Debt Forgiveness

Debt forgiveness comes in many variations. It is one thing to say to someone they don’t owe you money anymore. That sounds so simple and easy.

Life doesn’t work like that.

In the United States, when a creditor forgives debt you owe the Internal Revenue Service (IRS) is very interested. If you are not broke, the IRS will expect you to pay income tax on the debt forgiven.

While you may no longer owe the creditor, you will now owe the IRS.

But like everything else the IRS does the details are the critical issue.

If your debts exceed your assets, then you are insolvent. And if your assets minus your liabilities leave you worth less than zero, you can complete IRS Form 982 not to have to pay that tax.

Not All Debt Forgiveness is Equal

Your forgiven debt tax liability may not exist depending on how your debt vanishes.

Debt settlement can leave you owing the IRS when your assets are more than your liabilities. Positive net worth will give you a full or partial tax bill and some attention from the IRS.

Bankruptcy eliminates debts tax-free with no tax liability. That benefit is written into the law by Congress.

A creditor can reduce your interest rate and the reduction in interest to be charged is not a tax liability. This interest rate reduction may be a benefit of a credit counseling program with a non-profit agency. But you will repay significantly more than you would through debt settlement or bankruptcy.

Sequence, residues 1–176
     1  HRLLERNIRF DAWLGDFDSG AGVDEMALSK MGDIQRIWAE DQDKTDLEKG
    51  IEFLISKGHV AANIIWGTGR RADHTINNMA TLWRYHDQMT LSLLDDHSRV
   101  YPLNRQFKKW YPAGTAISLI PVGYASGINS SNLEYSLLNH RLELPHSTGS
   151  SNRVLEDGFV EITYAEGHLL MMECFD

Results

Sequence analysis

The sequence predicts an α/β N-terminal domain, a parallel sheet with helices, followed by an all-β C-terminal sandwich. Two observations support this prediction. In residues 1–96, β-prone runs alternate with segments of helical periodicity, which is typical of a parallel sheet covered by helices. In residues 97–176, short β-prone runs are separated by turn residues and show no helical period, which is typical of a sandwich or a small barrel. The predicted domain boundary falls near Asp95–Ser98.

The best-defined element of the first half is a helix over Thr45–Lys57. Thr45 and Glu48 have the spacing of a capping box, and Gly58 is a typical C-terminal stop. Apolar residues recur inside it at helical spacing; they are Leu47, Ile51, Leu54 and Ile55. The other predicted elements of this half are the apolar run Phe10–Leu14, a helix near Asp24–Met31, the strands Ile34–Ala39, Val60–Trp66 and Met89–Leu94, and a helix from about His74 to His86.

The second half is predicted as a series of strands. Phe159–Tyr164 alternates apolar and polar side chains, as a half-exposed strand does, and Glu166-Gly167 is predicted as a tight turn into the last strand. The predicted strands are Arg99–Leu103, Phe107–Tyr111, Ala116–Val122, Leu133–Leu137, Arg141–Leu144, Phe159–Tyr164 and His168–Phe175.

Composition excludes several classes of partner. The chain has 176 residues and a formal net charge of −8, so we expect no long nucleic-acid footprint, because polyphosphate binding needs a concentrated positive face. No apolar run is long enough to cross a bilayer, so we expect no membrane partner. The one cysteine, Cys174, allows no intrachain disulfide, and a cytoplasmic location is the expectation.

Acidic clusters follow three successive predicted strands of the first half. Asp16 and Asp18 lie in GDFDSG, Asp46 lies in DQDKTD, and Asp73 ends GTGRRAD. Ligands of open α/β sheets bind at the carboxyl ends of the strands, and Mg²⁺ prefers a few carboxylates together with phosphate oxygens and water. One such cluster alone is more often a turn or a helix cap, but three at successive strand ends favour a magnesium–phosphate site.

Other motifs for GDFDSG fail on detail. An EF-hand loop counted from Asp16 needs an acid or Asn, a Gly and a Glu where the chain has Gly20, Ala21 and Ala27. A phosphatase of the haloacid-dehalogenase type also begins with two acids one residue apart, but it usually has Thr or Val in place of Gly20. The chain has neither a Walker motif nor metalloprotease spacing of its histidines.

Consider Your Selection of Debt Forgiveness

Understanding if or how much of a tax bill you can have when you have forgiven debt is essential to better understanding which debt forgiveness option to select.

Consider everything before you leap for debt forgiveness.

Too often people decide how they would like to cut their debt before they have all the facts such as a looming tax liability.

When you talk to a debt relief company, understand the person you are talking to is a salesperson and not a financial adviser. To better understand how your debt forgiveness option may increase your taxes, talk to a tax professional.

And this issue of tax liability from debt forgiveness gets even more confusing when it comes to student loans.

Some student loan forgiveness programs like the Public Service Loan Forgiveness program will end your debt tax-free. Other programs like an income-driven repayment plan will leave you with a massive tax bill.

Mortgage debt forgiveness even has it’s own unique set of issues.

As with everything else when it comes to getting out of debt, get professional help and advice before you make an expensive mistake.